So far I’ve had 14/41 garbanzo beans sprout! Which is about 34%. We bought the beans from a local natural food store for very cheap and I soaked them over night in water, then potted them up! I think we’re going to go get some more so that we can grow these after we move!
Today: All you need to turn a can of chickpeas into the most versatile dip around is a food processor and a little creativity (and some good olive oil won’t hurt, either).
Here’s how to make it:
1. Choose your flavor. I like to evaluate my fridge and pantry to see what needs to be used up. I might find a half-used jar of pesto or a spice blend and decide to mix it in. If you’re not a huge fan of chickpeas — or you’re tired of classic hummus — you can replace up to half the quantity with roasted vegetables. I’ve found that starchier veggies like sweet potatoes, beets, or carrots (pictured here), work best. Chop carrots or sweet potatoes, toss with olive oil, salt, and pepper, and roast in a hot oven, between 375° and 425° F, until soft and caramelized. For the beets, wrap them in aluminum foil and roast until tender, 35 to 50 minutes. Peel the beets once they’re cool, then give them a rough chop.
2. Bust out your food processor. To make good hummus, you’ll need to purée the mixture until it is super smooth. Chickpea mash can be tasty, but that’s not what we’re going for here.
3. Combine everything. Dump around 2 cups of chickpeas (or, if you’re going the vegetable route, 1 cup chickpeas and 1 cup roasted vegetables), around ¼ cup of olive oil, a few dollops of tahini, the juice of a lemon, a chopped garlic clove, and a large pinch of salt into the bowl. Add spices, like smoked paprika (shown here), za’atar, or cumin.
4. Blend it. The mixture will come together fairly quickly, but let the machine keep running. Depending on your food processor, this can take between 1 and 4 minutes. Once the hummus is silky smooth with no visible chunks, taste it. Bland? Add more seasoning and salt. Flat? Add some more lemon juice and olive oil.
5. Make it last. Hummus is the queen of versatility. Spread it on sandwiches, eat it with pita chips as a snack, or dollop it on your salad. You can’t really go wrong — just keep it away from your dessert.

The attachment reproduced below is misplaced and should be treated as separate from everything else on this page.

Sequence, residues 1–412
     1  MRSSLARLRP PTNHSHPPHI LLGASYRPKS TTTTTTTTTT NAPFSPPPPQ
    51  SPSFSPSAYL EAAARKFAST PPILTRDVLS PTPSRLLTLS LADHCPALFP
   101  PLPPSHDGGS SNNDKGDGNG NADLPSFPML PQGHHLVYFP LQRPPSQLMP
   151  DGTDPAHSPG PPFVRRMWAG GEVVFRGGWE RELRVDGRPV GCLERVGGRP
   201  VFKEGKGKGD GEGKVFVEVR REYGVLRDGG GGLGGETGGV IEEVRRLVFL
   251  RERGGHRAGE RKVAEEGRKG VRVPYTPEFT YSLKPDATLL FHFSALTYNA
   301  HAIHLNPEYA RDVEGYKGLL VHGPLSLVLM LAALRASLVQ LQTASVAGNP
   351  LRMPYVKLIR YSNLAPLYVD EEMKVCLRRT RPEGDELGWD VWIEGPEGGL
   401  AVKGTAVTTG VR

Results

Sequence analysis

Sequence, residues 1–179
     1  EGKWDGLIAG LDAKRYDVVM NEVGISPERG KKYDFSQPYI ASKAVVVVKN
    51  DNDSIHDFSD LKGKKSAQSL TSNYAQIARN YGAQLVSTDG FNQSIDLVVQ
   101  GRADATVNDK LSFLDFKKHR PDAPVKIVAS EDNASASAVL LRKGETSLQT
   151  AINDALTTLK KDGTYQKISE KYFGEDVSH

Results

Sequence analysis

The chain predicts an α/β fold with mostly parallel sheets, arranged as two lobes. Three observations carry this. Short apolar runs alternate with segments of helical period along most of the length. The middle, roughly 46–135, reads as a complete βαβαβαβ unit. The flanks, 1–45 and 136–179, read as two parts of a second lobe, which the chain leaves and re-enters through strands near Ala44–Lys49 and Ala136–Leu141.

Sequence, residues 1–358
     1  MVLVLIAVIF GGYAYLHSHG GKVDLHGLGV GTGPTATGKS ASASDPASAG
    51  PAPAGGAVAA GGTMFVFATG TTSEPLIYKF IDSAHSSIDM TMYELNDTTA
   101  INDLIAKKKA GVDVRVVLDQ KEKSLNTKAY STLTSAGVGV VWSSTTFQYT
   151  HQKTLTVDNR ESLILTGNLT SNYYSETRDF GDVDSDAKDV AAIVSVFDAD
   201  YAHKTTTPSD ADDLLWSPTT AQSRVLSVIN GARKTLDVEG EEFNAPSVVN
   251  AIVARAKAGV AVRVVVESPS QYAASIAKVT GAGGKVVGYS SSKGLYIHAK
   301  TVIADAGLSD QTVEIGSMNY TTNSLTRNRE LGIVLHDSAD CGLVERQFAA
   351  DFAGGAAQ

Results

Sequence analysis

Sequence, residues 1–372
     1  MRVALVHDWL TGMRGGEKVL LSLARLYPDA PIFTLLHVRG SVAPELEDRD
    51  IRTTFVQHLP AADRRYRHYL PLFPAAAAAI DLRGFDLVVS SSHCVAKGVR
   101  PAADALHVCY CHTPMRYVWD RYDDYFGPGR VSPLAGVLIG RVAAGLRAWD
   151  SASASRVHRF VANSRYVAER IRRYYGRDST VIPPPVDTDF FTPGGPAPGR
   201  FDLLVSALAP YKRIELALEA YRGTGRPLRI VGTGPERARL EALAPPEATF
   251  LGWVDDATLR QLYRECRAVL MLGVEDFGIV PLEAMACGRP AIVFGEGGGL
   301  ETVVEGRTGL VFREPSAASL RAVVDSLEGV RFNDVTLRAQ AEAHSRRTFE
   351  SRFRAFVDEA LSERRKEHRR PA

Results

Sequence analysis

This addictively crunchy travel snack has high protein and fiber content to keep you full and nourished while you’re in flight. Bonus: Cayenne pepper provides a metabolism boost with a touch of spice. Pack this snack in Ziploc bags and you’re ready to go!
To Make: Heat the oven to 400F and place a can of chickpeas, drained, in a bowl. Toss with 2 tablespoons olive oil, 1 teaspoon cumin, 1 teaspoon chili powder, ½ teaspoon cayenne pepper, and ½ teaspoon salt, until well coated. Spread the chickpeas onto a baking sheet in a single layer and bake for 30 minutes.
After I made my first batch of infused salts, a friend asked me for genius ideas as to how she could use them. Though there are a bunch of fun ways to get savory with salt both as a food and as a DIY beauty product (more on that front soon!), this hummus perfectly showcases the herby fullness of rosemary and citron’s sunny tang.
It’s a mild dip (no tahini involved), brightened by yogurt, fresh lemon juice, and gently sautéed garlic with the olive oil it was cooked in. Best part? It takes 5 minutes to make if you’ve got pre-cooked chickpeas, and lasts throughout the week for perfect lunch- and snack-times.
My mother used to make crunchy chickpeas as a snack when I was young, we didn’t have a lot of cash so she’d make this instead of buying more expensive snacks. And now I have money, and I’m still making them!